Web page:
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Lessons learnt: How to best manage boardroom dissent online?

Lessons learnt: How to best manage boardroom dissent online?

Shaping smart usage of online meeting chat features for sorting boardroom disputes is a work in progress, but is already proving to be invaluable

One of the leading bankers recently was appointed as an independent chairman after his retirement from active service in the private sector. He had led a board before but the pandemic lockdown was a challenge for him to manage things virtually for the first time in his career. His first online meeting as chairman was a couple of months ago and he is still feeling uncomfortable about it all.

Many board leaders are in the same position, having to apply the skills they’ve learnt in leadership to a new remote “boardroom” environment – while also wrestling with occasional tech hassles.

Seasoned board chairs know the value of pre-meeting preparations. Running an online meeting kicks this need up a notch. What gives the highest success is preparation in advance. Then put some practice time on the video platform to get familiar with what buttons to press and how to do various tasks (showing presentations, going to chat, forming sub-groups, etc).

Enlist someone from the IT department to help with this, and invest a few hours poking around and practising tasks on your own. Do also check how you look and come across on video.

Preparation also means checking and double-checking that all “board book” info is updated and easily available to participants. Also, try exploiting the platform for advance tasks that save meeting time, like virtual consent resolutions and agendas, committee meeting minute approval, and polls or other queries. The more board work you can get underway (and the more questions you can answer) in advance, the better.

We’ve written in previous columns on the value of setting virtual meeting etiquette rules, but another benefit is that this makes your “herding cats” job as an online chair much easier. Have a policy of one speaker at a time, and set rules for directors to let the chair know when they want to speak. Practise using the online chat function to give attendees a way to communicate directly with the chair, which eliminate everyone chiming in all at once.

Realise also that the ability to split off digital sub-groups from the full board meeting is a great tool to help the chair manage better. Sending audit or compensation committee members to a digital breakout room for a few minutes during the meeting to hash out an issue can be a great time- and work-saver (A smart board chair knows how to delegate).

Helping the other online directors improve their presence makes your task easier as well. Try to convene the group a few minutes early for virtual catch up and warm up. Then send chat notes to members whose lighting, framing or audio may be poor (or their camera may be pointing up their nose). By the time you call the meeting to order, everyone will be at his or her best.

Now that a comfort level is attained, how do you deal with boardroom dissent online? Especially when the board chair is also the CEO? Squabbles happen on strategic as well as tactical issues. Usually disagreements are worked out before and after meetings in one-on-one discussions. In the current time, we have lost that personal chemistry, and the residual tensions in video meetings are palpable.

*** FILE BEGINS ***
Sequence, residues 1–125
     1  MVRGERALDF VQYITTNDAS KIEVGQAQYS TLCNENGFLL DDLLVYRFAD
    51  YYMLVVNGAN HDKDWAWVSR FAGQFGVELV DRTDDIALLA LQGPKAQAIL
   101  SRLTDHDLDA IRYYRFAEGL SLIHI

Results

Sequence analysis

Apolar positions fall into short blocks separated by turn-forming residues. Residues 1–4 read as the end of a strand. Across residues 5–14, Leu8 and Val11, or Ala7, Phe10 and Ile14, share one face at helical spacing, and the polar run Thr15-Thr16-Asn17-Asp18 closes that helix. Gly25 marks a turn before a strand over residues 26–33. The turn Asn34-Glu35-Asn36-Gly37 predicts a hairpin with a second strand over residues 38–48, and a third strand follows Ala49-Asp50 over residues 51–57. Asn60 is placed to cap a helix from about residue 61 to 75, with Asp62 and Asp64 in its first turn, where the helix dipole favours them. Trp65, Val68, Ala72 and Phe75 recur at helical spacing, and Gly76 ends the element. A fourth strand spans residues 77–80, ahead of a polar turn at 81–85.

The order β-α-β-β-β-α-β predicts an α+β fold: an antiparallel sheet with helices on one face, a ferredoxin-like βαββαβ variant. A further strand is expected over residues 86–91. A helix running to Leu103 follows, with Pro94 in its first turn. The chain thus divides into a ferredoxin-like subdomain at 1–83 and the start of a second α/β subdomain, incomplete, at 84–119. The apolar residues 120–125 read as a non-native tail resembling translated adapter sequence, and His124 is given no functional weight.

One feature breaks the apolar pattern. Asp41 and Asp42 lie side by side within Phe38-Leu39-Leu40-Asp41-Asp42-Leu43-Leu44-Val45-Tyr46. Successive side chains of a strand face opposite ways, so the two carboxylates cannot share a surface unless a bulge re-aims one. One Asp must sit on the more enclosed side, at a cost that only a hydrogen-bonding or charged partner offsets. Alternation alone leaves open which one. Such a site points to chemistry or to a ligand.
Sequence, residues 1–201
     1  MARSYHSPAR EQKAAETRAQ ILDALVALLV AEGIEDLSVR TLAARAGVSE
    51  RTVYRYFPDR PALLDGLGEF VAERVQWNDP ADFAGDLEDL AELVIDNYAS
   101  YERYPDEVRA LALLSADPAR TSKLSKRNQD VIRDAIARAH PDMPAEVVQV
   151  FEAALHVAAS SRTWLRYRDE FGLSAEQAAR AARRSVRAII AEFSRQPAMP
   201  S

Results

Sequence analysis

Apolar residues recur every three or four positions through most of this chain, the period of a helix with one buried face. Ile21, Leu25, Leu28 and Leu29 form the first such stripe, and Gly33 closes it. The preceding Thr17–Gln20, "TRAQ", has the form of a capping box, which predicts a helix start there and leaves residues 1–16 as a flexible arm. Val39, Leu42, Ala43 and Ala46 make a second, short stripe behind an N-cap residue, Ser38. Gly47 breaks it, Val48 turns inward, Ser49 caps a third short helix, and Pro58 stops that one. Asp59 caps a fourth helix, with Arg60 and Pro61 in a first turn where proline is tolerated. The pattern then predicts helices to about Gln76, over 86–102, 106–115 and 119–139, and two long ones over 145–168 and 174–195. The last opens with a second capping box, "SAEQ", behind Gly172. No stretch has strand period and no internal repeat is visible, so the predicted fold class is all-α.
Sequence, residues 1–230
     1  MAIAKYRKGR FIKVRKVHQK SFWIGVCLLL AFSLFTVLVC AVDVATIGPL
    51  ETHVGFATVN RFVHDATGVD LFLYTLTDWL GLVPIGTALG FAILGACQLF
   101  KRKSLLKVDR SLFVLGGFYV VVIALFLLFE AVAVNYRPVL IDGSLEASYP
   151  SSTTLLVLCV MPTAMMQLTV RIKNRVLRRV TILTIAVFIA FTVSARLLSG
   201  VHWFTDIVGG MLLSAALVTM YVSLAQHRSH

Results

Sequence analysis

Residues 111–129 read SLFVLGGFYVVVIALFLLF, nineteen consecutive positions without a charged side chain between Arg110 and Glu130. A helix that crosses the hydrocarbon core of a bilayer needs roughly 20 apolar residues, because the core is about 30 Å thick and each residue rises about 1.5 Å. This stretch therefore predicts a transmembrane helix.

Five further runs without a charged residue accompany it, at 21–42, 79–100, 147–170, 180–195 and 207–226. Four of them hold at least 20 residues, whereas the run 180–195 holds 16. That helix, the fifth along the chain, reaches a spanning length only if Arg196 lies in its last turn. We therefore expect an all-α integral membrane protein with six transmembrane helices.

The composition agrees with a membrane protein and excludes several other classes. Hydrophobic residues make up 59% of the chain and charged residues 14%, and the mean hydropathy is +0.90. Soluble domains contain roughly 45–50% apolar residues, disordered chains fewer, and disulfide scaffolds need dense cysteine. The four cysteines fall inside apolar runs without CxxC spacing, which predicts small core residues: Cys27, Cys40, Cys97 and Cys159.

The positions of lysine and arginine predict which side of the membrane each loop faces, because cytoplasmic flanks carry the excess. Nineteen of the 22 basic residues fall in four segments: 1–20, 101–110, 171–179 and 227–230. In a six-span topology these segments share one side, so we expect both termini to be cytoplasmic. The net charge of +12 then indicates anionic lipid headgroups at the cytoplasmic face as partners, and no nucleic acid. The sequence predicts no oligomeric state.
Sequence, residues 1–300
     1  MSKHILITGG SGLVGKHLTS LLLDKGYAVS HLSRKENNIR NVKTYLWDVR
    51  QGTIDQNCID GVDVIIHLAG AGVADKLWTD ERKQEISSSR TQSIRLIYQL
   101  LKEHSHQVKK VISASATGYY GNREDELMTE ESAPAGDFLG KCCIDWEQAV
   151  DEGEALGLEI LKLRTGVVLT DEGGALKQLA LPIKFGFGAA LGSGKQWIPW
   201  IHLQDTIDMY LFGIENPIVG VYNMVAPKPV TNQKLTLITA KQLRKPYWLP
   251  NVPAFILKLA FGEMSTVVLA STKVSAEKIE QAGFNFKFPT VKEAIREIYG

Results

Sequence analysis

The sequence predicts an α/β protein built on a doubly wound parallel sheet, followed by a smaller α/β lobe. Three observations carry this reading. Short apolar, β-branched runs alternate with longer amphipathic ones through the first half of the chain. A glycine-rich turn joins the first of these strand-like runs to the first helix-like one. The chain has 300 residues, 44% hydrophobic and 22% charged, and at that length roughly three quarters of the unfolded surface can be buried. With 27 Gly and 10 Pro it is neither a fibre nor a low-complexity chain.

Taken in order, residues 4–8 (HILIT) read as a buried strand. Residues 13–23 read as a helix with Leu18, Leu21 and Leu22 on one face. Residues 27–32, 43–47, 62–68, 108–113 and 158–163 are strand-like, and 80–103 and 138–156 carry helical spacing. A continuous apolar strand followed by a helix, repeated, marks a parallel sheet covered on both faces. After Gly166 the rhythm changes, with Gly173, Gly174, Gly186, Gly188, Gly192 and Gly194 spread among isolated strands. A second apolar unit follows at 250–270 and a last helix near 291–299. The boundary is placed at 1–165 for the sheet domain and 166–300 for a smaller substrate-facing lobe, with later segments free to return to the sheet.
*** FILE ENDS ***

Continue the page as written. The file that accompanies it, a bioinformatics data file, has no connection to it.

The virtual meeting tends to mask the interpersonal but it need not be a deal breaker for the use of online governance. Rather, boards and their leaders are developing alternatives that can function as well as traditional in-person governance (and sometimes even better).

The distance element of online governance weakens the power of boardroom loudmouths and bullies to dominate meetings. Online meetings are a great equaliser. Minorities and women get more empowered to speak up, and feel comfortable with an online buffer. If a couple of directors are squabbling, they have much less impact when they’re just postage-stamp sized images on a Zoom screen. This filtering also tends to level out board table power politics. Online meeting participants tend to get listened to more for the quality of their points than for their job titles, ownership or loudness.

Gaining these benefits for the cyber board requires a few new meeting skills. The chair has to be continuously looking for nonverbal cues. The role of smoothing out issues over a cup of coffee now happens through phone calls in the days before the meeting. Again, this requires less building of a new board leadership skill than just translating current good chairmanship into different media.

Online board tech like Convene can make the standard tactic of breaking out a handful of board members to work through an issue practical. The work group can expedite things, return to the full meeting and the process is simple with a few clicks.

Board leaders are also becoming savvy with videoconference chat functions, not only for real-time side discussion, but also for subtly letting contentious directors know they need to play better together.

Shaping smart usage of online meeting chat features for sorting boardroom disputes is a work in progress, but is already proving to be invaluable.

Dr. M Muneer is the co-founder of non-profit Medici Institute and a stakeholder in the Silicon-Valley based enterprise Rezonent Corp, and Ralph is global board advisor, coach and publisher

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